Helmholdt also said school board members have asked some “understandable” questions related to the legality of how these transactions occurred. The key answer board members are hoping to get is exactly when GR School Lofts entered into a contract with National Heritage for the Oakdale building.
“When did the developer know about this agreement with National Heritage Academies? Because Mr. Michael clearly outlined what his intentions were on repeated public occasions before the city Planning Commission, before our Board of Education, before the neighborhood-community meetings that are required to be held with a sale of school property,” said Helmholdt.
“He was even asked about those intentions up to the day of closing and he maintained that he was planning to use these for apartments. Yet, after he signed, later that same day, he went into another room and sold the property to National Heritage. I think it’s more of a technical question, and we just want to understand what are the (disclosure) rules and what are the rights of Grand Rapids Public Schools, and what should we expect now and in the future,” he added.
Helmholdt said GRPS does business with integrity and respect, but a question remains as to what really occurred. “And I’ll go a step further. This is a question that needs to be posed publically because everything that Grand Rapids Public Schools does is open to the public,” he said.
“What we understand is that the charter application with Bay Mills (Community College) was done in July, and it listed Oakdale specifically on the application. Therefore, we have to surmise that they’ve known (a charter school was set for Oakdale) for at least six months, and probably more than that.”
Another out-of-town developer recently announced it wants to turn the former Riverside Elementary School into an assisted-living center for seniors. City commissioners are scheduled to vote on a zoning change for that project next week. Planning commissioners will consider whether to grant the project a “special land use” designation on Thursday.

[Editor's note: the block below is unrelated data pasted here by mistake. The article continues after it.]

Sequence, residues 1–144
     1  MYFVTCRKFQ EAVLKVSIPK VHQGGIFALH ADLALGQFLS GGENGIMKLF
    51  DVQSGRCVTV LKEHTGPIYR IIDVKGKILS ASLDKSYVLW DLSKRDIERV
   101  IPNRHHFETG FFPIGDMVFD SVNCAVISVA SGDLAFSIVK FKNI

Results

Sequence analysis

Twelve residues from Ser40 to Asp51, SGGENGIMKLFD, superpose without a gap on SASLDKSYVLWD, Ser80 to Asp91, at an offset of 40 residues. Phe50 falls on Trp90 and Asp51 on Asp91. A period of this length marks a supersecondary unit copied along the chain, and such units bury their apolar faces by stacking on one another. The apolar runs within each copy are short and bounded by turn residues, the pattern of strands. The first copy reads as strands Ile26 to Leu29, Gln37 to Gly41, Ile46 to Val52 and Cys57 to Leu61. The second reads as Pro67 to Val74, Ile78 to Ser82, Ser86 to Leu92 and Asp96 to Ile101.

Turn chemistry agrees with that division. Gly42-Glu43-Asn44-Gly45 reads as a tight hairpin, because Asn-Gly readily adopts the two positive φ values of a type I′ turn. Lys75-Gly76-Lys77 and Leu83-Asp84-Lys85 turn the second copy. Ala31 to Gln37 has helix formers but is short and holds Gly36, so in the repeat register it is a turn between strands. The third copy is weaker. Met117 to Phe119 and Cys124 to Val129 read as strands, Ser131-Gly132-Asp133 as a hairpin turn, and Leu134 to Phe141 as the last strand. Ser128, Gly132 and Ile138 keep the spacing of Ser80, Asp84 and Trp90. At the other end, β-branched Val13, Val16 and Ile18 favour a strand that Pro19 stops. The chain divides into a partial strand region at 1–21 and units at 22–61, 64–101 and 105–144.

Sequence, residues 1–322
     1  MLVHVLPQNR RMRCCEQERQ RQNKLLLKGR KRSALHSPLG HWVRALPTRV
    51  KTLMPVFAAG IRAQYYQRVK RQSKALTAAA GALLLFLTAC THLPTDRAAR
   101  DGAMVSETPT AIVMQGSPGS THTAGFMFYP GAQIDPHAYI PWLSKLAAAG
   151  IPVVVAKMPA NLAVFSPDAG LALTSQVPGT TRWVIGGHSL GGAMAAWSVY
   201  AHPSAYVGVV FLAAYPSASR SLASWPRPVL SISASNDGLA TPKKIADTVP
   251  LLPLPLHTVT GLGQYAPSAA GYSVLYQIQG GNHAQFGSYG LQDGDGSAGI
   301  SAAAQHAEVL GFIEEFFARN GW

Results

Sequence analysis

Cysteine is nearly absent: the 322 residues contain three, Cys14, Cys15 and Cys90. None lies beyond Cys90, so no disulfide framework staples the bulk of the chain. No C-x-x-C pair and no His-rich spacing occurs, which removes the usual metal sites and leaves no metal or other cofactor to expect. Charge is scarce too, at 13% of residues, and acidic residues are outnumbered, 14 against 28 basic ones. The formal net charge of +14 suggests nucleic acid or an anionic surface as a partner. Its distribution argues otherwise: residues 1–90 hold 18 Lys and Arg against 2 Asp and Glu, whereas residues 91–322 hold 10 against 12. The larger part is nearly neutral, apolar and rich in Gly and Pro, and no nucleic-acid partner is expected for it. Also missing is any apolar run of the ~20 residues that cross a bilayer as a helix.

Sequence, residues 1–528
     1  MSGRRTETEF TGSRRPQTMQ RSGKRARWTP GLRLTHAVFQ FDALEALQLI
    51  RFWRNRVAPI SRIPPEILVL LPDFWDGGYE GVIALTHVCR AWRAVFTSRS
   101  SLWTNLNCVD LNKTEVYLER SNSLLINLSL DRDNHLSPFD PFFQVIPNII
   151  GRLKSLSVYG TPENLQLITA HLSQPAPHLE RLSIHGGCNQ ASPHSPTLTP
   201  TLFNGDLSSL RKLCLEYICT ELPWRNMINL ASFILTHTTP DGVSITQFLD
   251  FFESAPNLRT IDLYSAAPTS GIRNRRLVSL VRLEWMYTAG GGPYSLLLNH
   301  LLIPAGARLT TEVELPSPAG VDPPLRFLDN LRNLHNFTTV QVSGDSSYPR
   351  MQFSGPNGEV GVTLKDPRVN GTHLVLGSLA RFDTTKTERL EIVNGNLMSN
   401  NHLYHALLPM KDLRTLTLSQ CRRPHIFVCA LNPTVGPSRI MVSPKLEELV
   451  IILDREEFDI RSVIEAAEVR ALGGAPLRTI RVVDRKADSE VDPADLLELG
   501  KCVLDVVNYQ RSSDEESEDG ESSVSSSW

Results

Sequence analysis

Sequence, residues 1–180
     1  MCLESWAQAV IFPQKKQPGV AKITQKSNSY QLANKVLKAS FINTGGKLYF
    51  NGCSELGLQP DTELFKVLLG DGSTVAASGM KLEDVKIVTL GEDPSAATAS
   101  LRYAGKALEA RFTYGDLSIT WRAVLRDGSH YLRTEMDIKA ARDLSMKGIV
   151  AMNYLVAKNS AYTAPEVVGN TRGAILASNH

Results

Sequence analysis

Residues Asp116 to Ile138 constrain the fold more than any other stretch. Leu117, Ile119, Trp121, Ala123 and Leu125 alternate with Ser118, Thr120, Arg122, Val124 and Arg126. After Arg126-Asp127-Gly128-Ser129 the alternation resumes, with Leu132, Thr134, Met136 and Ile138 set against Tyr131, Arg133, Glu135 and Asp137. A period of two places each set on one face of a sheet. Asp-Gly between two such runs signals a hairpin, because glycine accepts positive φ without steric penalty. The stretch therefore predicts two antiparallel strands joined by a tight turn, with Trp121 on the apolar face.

Helmholdt said the transaction with GR School Lofts for its $535,000 purchase of Stocking Elementary hasn’t closed, but the school board has approved the sale. He said the purchase agreement, however, includes a number of approvals the city has to grant the project.
“We want what’s best for students, families and the neighborhoods, whether it’s Oakdale or it’s Stocking,” he said. Michael has said his firm also wants to build apartments at Stocking.
City Economic Development Director Kara Wood said commissioners will have to approve development and reimbursement agreements for all four schools, but wasn’t sure when those votes would be taken.
The city agreed to a term sheet with GR School Lofts that requires the properties’ owner to use tax-increment financing that will come from improvements made to the sites to develop public parks or playgrounds at all four locations. Heartwell said that agreement remains in place even if GR School Lofts doesn’t own the properties.
“It’s my understanding the term sheet applied not only to the developer but to successor corporations. We will tell National Heritage Academies that they are bound by the same term sheet,” he said of the Oakdale site. “So we think there won’t be an impact on the plans we have for developing the parkland.”